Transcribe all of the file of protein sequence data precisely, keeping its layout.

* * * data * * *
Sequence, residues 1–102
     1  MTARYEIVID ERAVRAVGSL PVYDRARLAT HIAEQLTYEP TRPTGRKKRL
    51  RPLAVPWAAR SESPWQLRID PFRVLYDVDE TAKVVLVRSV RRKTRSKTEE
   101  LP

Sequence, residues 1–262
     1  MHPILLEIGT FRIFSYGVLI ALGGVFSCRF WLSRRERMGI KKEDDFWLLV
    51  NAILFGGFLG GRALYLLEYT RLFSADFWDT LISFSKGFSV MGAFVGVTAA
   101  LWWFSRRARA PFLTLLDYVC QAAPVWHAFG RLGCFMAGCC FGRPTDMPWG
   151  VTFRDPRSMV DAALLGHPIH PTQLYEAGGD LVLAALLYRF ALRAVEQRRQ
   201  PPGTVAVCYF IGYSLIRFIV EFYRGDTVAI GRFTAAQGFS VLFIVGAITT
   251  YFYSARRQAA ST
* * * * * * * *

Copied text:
Sequence, residues 1–102
     1  MTARYEIVID ERAVRAVGSL PVYDRARLAT HIAEQLTYEP TRPTGRKKRL
    51  RPLAVPWAAR SESPWQLRID PFRVLYDVDE TAKVVLVRSV RRKTRSKTEE
   101  LP

Sequence, residues 1–262
     1  MHPILLEIGT FRIFSYGVLI ALGGVFSCRF WLSRRERMGI KKEDDFWLLV
    51  NAILFGGFLG GRALYLLEYT RLFSADFWDT LISFSKGFSV MGAFVGVTAA
   101  LWWFSRRARA PFLTLLDYVC QAAPVWHAFG RLGCFMAGCC FGRPTDMPWG
   151  VTFRDPRSMV DAALLGHPIH PTQLYEAGGD LVLAALLYRF ALRAVEQRRQ
   201  PPGTVAVCYF IGYSLIRFIV EFYRGDTVAI GRFTAAQGFS VLFIVGAITT
   251  YFYSARRQAA ST